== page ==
This is going to offend the hell out of the people who religiously comment on pieces here on the Thought Catalog. And, let me just start by saying that 99% of commenters, regardless of their opinion, are absolutely wonderful. Whether they agree, disagree, hate, love, or fall somewhere in the middle – writers cannot be thin-skinned when it comes to the comment section, and largely it is considered taboo, to openly take shots at those who comment.
However, after reading a collaborative piece by Chelsea Fagan and Chris Hudspeth – which Beyoncé (the icon, brand, and possibly unofficial God) was the subject matter – I saw something that I couldn’t really come to terms with ignoring.
The Thought Catalog is a place for thought. It is, by its own definition a place for open, and free thought.
And, after talking to my own circle of writers – there is really only one comment that I cannot justify anyone writing, unless an absolute rare occasion.
The exact language used will vary, but I will paraphrase to get the point across. It will say:
“The fact that you spent your [precious]time writing this, says a lot more about you – than it does about [insert topic, person, or subject here].”
My question: What exactly, does it say about the writer?
It would seem that the person commenting is attempting to take a shot at the writer’s credibility by pulling the “single-out” method of discrediting.
And that would be great, if whatever the person was conveying in their piece was at the very least offensive.
For my money, that is what this comment should be reserved for. Subjects, or topics that can be taken as genuinely insensitive, or offensive. Reading about someone condemning equality? Go ahead and drop the aforementioned comment.
In fact, add to it – because there sure as hell isn’t any place for ignorance in this world when it comes to gender equality, marriage equality, sexual equality, or just basic human equality. I mean, it would literally take less than 5 seconds to find a generally hateful, or disrespectful opinion that is more than deserving of this comment.
But, can we withhold this comment on pieces that have titles like “17 Reasons Why Obsessive Beyonce Fans are the Worst,” or a billion pieces condemning certain behaviors on social media?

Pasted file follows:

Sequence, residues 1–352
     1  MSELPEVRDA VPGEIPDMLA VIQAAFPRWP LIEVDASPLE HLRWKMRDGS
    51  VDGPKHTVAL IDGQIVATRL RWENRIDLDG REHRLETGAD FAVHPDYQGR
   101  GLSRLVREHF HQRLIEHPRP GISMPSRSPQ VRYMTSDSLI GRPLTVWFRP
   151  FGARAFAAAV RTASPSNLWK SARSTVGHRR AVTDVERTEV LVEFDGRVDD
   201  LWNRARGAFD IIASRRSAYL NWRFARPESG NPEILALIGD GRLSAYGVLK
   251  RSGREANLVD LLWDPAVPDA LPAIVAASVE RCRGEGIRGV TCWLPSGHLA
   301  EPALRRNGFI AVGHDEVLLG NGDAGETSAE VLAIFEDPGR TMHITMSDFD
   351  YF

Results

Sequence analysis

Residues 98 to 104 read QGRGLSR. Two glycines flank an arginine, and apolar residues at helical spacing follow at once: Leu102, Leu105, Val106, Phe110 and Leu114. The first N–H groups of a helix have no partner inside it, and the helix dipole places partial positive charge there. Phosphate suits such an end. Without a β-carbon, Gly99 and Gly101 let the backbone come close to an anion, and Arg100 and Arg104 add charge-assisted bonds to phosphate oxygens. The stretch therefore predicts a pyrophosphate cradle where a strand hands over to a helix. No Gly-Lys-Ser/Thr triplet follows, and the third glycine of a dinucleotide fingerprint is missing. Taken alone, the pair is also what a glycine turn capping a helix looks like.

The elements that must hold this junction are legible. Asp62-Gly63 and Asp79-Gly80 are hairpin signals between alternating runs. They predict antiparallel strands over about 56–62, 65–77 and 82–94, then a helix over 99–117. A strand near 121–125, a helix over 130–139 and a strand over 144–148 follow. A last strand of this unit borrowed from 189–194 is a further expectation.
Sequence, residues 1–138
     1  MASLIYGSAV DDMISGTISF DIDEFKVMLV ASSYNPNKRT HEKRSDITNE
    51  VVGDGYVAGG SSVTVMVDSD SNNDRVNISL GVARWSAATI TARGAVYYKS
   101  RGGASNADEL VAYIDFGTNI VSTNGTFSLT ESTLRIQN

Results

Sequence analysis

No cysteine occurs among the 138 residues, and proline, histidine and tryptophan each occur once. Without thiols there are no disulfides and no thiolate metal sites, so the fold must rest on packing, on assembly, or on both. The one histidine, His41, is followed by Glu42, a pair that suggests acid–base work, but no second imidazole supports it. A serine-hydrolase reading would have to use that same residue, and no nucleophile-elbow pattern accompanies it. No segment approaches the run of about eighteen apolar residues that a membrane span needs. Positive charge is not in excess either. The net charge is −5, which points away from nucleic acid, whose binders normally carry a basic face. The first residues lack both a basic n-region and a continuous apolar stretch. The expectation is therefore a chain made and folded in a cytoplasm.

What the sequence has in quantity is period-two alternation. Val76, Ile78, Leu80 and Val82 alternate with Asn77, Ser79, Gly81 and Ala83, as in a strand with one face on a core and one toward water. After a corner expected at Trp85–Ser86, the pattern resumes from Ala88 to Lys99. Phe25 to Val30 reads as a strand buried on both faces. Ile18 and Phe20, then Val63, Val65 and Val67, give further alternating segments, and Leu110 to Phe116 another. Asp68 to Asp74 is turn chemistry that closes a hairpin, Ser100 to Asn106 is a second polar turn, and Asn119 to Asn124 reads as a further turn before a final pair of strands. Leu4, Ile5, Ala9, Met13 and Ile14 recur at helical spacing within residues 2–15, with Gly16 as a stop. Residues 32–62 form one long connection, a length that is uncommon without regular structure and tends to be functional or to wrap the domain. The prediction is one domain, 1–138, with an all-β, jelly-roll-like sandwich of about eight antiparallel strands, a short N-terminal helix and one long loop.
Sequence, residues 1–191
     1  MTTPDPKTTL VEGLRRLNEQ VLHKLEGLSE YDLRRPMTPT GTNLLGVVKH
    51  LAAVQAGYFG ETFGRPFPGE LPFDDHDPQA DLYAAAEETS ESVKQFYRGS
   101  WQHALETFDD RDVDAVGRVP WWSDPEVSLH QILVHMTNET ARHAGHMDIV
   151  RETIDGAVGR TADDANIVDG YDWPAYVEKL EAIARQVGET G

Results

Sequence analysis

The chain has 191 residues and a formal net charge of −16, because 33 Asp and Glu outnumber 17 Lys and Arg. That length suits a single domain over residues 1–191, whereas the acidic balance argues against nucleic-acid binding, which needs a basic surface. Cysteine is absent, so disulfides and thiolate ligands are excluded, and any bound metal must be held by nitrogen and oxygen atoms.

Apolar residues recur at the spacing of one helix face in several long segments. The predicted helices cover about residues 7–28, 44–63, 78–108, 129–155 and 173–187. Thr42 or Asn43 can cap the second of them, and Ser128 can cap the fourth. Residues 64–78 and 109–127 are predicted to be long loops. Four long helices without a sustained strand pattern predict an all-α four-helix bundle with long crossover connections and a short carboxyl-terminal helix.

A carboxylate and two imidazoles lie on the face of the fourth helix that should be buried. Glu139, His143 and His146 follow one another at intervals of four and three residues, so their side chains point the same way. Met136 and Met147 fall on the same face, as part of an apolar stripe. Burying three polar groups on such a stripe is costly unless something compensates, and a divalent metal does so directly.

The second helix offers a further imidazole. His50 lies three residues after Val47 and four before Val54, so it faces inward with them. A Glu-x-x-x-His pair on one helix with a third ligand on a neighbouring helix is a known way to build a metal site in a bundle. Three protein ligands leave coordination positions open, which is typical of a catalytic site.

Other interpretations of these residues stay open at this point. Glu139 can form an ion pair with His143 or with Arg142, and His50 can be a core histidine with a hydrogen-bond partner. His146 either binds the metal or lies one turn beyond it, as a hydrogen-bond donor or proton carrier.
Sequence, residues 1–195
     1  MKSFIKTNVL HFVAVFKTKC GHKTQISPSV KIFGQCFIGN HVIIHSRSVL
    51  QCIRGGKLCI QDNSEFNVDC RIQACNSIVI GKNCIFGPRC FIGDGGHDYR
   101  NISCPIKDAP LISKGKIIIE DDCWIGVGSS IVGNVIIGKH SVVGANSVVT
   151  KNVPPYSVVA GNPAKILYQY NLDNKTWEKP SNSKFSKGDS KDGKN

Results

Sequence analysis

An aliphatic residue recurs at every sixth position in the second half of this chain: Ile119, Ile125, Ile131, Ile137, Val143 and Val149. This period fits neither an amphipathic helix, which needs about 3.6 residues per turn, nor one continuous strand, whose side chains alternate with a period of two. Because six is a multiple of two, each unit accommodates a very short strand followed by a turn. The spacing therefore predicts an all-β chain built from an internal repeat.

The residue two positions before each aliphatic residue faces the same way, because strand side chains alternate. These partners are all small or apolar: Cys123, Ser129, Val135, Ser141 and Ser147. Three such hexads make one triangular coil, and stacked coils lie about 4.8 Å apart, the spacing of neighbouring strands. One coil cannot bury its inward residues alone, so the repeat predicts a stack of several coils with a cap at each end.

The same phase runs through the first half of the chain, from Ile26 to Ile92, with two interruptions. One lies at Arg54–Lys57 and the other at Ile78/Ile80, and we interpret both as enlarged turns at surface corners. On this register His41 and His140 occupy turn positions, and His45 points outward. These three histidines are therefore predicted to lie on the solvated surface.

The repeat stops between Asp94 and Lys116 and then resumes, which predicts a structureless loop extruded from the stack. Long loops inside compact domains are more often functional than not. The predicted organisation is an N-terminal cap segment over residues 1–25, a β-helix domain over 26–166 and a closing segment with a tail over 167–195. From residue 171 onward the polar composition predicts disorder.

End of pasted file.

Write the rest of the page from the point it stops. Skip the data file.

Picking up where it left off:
Can we just take a few minutes and really think about the subject matter that is being discussed before we jump directly to “Let’s question your existence as a human being – because you don’t share my opinion on this subject, so screw off?”
And, if you’re the individual making this comment – can you keep in mind that more writers than you think on the internet are paid to write. So really, they’re just doing their job.
Where do you work? In a store? In an office? In a factory? Do you sit behind a computer?
For writers, especially on a site like the Thought Catalog, opinion is the subject matter. The idea is to evoke thought. Writers may use tools, styles, and formats, like letters, satire, and blunt-force-verbal-trauma, to get their point across, but it isn’t to offend or shake at your core – especially on these light topics.
So, if you’re one of those people reading this, and you are fighting the urge right now to comment on this and ask me how I get off writing about this, or saying any of this – remember that for writers it is work. Just like we have to be callused to the idea that anyone, can quite literally say anything they choose to about our work – we’re doing it because it’s a job.
Yes, it’s the profession we’ve chosen, and like I said – it comes with the territory. But, think about someone taking shots at your ability to do your job from the protection of complete anonymity.
Most comment threads have this awesome ability to link to your Facebook account, or Twitter handle. Better yet, you could create an account with the site that actually manages most comment sections on the web like Disqus.
Then, go ahead an openly question the character of a satirical writer whose personal life you know nothing about. I guess when you look at it like that, the only person whose character would be judged under those circumstances would be the commenter. But, then again – this is just another great example of the internet mimicking society.
Thought and opinions are embraced – but only with those who you share.